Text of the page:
I am not communicating well lately, which is painful since the majority of my job hinges on my ability to communicate. Another stumbling block seems to be my passion for my job. Where passion generally helps move a cause along, sometimes it comes at you like a bulldozer – making people feel more attacked than engaged. Couple this with a few subjectively defined terms and you have a real mess, a complete disconnect.
Such a disconnect lies in the relationship between the built environment and its archaeological record. Some of which can be attributed to subjective definitions –that “archaeologists” are only interested in things under the ground and that “historic preservation” focuses solely on saving old buildings. This disconnect became clear to me at a recent meeting involving the state’s preservation plan.
Admittedly, I am a back-of-the-class kind of person and I dragged all my co-workers down with me by sitting in the back row during this meeting. This physical separation somehow translated into an idealistic separation from the topic at hand. We were constantly referred to as the “archaeologists” or “scientists” in the room (even though other professionals were in attendance) as if those titles prevented us from understanding the importance of preserving Florida’s history – specifically the built environment.
We heard stories of passionate people saving their local history by moving and refurbishing old buildings. I can completely understand wanting to save such visual representations of a time period or a person important to that community – especially structures that bring in heritage tourism interest for the community. However by moving the structure without any archaeological investigations, much of the personal story of that building can be lost. Items can tell stories and elicit responses historic documentation and salvage alone cannot.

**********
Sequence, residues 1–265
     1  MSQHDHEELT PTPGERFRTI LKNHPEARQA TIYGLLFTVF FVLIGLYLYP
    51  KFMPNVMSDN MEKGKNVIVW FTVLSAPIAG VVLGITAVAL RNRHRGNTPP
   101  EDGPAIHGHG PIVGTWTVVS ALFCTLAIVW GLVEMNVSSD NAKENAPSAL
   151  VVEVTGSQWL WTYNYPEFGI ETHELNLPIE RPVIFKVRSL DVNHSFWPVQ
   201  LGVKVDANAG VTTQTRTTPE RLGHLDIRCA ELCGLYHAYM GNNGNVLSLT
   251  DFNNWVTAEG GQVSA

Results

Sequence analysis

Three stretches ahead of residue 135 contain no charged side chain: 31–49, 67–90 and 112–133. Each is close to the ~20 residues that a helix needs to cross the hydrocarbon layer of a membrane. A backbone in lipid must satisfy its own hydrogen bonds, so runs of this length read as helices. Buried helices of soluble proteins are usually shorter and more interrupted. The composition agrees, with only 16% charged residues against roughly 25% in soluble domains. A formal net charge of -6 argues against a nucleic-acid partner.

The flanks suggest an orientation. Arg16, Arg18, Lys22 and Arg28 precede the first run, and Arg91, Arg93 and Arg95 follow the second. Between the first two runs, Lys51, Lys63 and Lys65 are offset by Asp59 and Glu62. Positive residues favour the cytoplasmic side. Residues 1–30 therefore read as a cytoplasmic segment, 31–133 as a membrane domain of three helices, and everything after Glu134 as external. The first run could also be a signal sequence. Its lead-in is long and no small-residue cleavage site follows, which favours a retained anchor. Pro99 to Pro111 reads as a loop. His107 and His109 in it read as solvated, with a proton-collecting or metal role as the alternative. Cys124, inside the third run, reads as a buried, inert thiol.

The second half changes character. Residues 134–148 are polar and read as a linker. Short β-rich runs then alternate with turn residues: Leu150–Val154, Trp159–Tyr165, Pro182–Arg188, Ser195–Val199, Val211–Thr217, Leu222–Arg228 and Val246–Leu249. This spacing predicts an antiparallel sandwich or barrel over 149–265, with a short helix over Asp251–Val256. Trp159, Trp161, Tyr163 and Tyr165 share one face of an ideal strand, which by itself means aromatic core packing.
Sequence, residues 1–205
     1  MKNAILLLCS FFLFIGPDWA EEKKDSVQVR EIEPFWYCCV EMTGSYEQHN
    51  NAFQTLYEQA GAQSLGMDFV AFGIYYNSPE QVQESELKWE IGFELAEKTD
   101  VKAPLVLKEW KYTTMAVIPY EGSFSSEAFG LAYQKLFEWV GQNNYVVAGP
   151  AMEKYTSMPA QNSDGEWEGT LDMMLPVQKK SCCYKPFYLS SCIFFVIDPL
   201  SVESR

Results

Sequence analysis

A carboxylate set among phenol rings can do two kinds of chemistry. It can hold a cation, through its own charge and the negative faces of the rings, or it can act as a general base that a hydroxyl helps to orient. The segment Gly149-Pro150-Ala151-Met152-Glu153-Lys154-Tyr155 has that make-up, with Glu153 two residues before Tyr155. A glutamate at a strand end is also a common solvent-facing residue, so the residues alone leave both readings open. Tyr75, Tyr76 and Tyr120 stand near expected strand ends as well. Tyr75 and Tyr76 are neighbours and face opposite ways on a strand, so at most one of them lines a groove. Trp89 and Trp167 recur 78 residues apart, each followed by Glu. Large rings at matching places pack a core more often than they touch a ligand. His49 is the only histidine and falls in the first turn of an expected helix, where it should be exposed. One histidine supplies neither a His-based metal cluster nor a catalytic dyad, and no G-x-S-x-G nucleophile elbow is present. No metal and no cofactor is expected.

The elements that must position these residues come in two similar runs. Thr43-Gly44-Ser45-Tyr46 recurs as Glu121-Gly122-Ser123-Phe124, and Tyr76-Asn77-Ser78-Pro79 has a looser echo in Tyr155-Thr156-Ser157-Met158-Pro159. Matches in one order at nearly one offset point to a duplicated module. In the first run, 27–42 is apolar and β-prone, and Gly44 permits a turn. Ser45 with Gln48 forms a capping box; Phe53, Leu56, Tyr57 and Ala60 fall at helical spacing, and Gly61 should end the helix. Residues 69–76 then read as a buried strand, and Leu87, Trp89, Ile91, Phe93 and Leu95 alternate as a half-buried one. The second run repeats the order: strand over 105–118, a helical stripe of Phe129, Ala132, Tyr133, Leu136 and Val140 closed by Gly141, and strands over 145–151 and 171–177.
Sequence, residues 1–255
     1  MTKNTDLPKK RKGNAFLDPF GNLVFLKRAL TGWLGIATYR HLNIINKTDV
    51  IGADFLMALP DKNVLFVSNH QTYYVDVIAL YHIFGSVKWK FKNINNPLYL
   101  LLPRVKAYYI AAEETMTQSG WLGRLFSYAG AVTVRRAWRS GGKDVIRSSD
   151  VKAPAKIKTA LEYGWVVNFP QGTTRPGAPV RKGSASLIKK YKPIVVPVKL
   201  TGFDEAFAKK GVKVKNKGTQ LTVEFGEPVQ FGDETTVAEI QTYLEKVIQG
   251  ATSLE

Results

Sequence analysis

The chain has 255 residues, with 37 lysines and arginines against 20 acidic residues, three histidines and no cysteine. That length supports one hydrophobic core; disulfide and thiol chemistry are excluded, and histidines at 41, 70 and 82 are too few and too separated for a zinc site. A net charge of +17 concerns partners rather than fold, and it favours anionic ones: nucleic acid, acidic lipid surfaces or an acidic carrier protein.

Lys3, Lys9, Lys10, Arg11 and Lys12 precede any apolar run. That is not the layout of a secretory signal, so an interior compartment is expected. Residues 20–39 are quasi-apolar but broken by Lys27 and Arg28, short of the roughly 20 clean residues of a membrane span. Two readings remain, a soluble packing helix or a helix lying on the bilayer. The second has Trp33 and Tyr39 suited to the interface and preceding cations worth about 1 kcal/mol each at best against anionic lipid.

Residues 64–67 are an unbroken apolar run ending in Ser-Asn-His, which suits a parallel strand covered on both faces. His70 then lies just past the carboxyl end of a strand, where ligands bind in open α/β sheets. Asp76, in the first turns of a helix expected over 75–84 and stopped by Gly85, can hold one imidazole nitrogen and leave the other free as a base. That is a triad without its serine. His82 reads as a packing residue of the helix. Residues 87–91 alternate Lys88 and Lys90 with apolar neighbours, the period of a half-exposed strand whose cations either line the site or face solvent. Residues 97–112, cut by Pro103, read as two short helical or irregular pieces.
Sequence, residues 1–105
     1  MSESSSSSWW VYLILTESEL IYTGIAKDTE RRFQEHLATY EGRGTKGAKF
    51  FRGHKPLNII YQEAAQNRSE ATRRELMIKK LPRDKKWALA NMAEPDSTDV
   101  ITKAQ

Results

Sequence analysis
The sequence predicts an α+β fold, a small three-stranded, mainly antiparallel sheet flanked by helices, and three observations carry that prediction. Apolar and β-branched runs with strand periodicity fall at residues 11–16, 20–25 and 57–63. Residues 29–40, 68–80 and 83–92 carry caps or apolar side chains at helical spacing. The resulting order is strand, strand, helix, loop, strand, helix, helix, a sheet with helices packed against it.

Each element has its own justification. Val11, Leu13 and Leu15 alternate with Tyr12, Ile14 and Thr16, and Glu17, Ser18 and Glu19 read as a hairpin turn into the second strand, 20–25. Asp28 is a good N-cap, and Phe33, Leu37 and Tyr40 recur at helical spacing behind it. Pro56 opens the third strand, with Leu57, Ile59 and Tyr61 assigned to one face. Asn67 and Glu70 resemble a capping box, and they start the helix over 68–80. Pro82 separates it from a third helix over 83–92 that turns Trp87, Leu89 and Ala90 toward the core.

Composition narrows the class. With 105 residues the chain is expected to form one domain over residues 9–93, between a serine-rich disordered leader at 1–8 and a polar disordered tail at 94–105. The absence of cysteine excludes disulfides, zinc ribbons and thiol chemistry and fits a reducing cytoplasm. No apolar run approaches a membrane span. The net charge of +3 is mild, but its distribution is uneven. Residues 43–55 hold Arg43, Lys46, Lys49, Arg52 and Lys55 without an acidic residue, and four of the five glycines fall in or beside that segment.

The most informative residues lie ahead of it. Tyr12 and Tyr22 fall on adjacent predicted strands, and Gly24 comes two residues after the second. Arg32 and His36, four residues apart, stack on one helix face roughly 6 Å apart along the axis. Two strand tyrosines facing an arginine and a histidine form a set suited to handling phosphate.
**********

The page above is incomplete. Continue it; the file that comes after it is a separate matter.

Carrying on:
For example, I constantly drag my kids to museums to the point that they cringe every time they see a brown road sign. Since they were reading about the Holocaust in school, I decided to take them to the Holocaust Museum in St. Petersburg. I was prepared for the stories to be difficult to hear and somewhat prepared to see a lot of personal items. The last room of the museum had a railway car on display and encouraged people to touch it. While I was considering whether I wanted to actually do that, I saw a child’s gold ring on an interpretive panel that was found while cleaning the car for display. That one item struck such a cord in me, I cried. I wept for that mom that couldn’t protect her child, because as a mom I would want to protect mine. And from that mindset, I understood the importance of the Holocaust Museum as a vehicle to educate people in hopes of saving future generations from such tragedy.
Archaeology can help unearth these personal connections to the past by telling the stories of everyday life, stories that everyone can identify with as a reflection of their own. Historic preservation places that story within a context, a literal stepping back into the past. While the railway car and the child’s ring were both moving items separately, it was seeing the two together that made me understand a small child had experienced being in that car.
Together archaeology and historic preservation can impassion people to act on behalf of Florida’s cultural resources, saving them for future generations. We just have to communicate a bit more clearly to understand we share common goals.
Who knows, we might even start our own social movement…